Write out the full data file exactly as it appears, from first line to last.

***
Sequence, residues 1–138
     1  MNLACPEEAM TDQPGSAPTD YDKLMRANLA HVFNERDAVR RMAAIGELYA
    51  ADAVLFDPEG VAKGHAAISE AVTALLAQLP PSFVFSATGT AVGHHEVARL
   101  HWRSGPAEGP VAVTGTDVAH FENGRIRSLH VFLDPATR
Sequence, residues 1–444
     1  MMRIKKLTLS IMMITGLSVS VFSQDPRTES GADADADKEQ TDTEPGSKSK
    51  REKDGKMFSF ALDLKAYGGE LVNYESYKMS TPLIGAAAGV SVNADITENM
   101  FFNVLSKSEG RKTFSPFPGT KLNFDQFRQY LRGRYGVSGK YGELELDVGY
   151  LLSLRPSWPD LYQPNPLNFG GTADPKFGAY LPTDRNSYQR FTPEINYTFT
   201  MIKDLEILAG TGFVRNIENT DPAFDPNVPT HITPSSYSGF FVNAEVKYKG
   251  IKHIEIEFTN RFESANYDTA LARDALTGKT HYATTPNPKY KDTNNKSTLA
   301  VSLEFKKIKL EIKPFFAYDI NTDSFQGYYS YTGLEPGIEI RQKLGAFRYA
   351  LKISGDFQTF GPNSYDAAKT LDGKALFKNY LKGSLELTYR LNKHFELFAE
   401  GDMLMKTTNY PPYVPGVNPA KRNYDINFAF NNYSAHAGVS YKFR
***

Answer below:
Sequence, residues 1–138
     1  MNLACPEEAM TDQPGSAPTD YDKLMRANLA HVFNERDAVR RMAAIGELYA
    51  ADAVLFDPEG VAKGHAAISE AVTALLAQLP PSFVFSATGT AVGHHEVARL
   101  HWRSGPAEGP VAVTGTDVAH FENGRIRSLH VFLDPATR
Sequence, residues 1–444
     1  MMRIKKLTLS IMMITGLSVS VFSQDPRTES GADADADKEQ TDTEPGSKSK
    51  REKDGKMFSF ALDLKAYGGE LVNYESYKMS TPLIGAAAGV SVNADITENM
   101  FFNVLSKSEG RKTFSPFPGT KLNFDQFRQY LRGRYGVSGK YGELELDVGY
   151  LLSLRPSWPD LYQPNPLNFG GTADPKFGAY LPTDRNSYQR FTPEINYTFT
   201  MIKDLEILAG TGFVRNIENT DPAFDPNVPT HITPSSYSGF FVNAEVKYKG
   251  IKHIEIEFTN RFESANYDTA LARDALTGKT HYATTPNPKY KDTNNKSTLA
   301  VSLEFKKIKL EIKPFFAYDI NTDSFQGYYS YTGLEPGIEI RQKLGAFRYA
   351  LKISGDFQTF GPNSYDAAKT LDGKALFKNY LKGSLELTYR LNKHFELFAE
   401  GDMLMKTTNY PPYVPGVNPA KRNYDINFAF NNYSAHAGVS YKFR